An aerial view shows remains of the gatehouse, indicating a “substantial investment in deterrence and defence.” Secondary metallurgical processes took place nearby.
Fable and fiction have often associated King Solomon’s mines with diamonds or gold. But Israeli archeologists say they’ve gained a new perspective on a 10th century BC site that produced the critical element of its time—copper.
An ancient smelting facility in southern Israel’s Timna Valley was discovered in 1934 but recent excavations have revealed a military fortification, shedding new light on long-distance trade and wars fought over a strategic metal.
“While there is no explicit description of ‘King Solomon’s mines’ in the Old Testament, there are references to military conflicts between Israel and the Edomites in the Arava Valley,” said archeologist Erez Ben-Yosef in a statement from Tel Aviv University. “According to the Bible, David travelled hundreds of miles outside of Jerusalem and engaged in military conflict in the desert—striking down ‘18,000 Edomites in the Valley of Salt.’ Now, having found evidence of defensive measures—a sophisticated fortification—we understand what must have been at stake for him in this remote region: copper.”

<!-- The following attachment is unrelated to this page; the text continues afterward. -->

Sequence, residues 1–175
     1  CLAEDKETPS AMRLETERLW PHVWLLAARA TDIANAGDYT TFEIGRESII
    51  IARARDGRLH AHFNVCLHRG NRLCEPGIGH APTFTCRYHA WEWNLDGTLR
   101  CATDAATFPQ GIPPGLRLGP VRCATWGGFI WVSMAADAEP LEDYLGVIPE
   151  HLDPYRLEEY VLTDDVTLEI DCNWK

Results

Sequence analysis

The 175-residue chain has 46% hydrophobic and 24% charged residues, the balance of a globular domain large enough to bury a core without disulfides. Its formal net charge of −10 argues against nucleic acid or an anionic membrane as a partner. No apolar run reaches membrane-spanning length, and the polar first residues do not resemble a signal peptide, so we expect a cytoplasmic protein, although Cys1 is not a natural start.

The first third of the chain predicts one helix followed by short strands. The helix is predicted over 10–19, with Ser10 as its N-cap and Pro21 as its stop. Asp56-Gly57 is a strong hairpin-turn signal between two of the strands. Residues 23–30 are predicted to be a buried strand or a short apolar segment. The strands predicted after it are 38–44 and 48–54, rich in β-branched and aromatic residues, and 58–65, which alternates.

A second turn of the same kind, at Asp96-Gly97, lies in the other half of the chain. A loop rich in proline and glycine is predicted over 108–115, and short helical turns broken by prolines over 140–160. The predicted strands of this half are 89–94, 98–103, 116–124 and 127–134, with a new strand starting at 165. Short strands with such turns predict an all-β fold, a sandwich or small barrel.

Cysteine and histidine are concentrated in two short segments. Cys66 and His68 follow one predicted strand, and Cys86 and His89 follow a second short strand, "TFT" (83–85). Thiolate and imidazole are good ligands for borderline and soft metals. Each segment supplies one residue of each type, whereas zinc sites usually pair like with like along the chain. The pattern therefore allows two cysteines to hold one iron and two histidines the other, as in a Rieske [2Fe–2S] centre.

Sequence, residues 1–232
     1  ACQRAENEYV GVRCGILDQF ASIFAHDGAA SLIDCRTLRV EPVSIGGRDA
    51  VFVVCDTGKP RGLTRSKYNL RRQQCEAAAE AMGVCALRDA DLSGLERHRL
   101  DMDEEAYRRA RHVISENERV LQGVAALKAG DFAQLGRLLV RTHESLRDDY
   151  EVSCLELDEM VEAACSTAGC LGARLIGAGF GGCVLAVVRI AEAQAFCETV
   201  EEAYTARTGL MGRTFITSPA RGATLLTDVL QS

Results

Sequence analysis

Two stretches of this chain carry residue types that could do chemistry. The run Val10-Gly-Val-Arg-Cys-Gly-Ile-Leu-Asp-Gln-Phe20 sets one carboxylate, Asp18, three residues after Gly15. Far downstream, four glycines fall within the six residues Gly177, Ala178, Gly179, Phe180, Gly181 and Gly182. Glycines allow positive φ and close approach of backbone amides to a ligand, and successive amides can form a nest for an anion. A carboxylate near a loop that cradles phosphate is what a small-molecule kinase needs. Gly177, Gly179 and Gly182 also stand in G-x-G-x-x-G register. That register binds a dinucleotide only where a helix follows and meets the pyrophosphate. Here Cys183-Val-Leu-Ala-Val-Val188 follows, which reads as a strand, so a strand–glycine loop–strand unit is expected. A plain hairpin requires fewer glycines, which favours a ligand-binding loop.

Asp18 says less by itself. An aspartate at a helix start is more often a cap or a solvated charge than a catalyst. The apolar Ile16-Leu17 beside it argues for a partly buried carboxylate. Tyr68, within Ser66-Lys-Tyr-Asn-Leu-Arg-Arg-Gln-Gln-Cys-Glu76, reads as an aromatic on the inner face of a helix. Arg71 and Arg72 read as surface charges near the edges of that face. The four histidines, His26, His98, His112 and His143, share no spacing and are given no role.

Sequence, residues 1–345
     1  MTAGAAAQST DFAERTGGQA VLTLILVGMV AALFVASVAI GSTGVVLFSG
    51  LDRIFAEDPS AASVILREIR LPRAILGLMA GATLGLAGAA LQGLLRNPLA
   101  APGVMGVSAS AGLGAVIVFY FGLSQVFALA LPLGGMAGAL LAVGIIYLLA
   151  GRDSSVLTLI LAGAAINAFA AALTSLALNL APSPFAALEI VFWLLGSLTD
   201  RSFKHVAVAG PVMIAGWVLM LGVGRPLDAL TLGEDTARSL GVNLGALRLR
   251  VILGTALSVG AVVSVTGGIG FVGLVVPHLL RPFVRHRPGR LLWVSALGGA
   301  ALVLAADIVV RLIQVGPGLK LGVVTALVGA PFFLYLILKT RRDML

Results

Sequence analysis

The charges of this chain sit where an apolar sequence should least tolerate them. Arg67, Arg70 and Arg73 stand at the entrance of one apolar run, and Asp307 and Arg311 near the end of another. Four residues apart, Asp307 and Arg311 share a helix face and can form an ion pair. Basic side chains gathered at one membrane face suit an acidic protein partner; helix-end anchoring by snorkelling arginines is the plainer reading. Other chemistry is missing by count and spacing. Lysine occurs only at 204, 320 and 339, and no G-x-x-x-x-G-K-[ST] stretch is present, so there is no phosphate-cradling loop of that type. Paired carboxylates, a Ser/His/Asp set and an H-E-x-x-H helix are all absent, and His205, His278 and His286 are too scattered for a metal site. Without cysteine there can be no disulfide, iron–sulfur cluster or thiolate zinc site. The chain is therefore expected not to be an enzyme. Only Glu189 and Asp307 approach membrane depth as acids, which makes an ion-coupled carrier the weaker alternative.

The reddish metal “was a rare product and very challenging to produce,” he continued. “Because copper—like oil today, perhaps—was the most coveted commodity, it landed at the very heart of military conflicts. The discovery of the fortification indicates a period of serious instability and military threats at that time in the region.”
Focus of ongoing study by Tel Aviv University, the Timna Valley hosts a number of ancient smelting operations and thousands of mine shafts.
“The historical accuracy of the Old Testament accounts is debated, but archaeology can no longer be used to contradict them,” Ben-Yosef added. “On the contrary, our new discoveries are in complete accordance with the description of military conflicts against a hierarchical and centralized society located south of the Dead Sea.”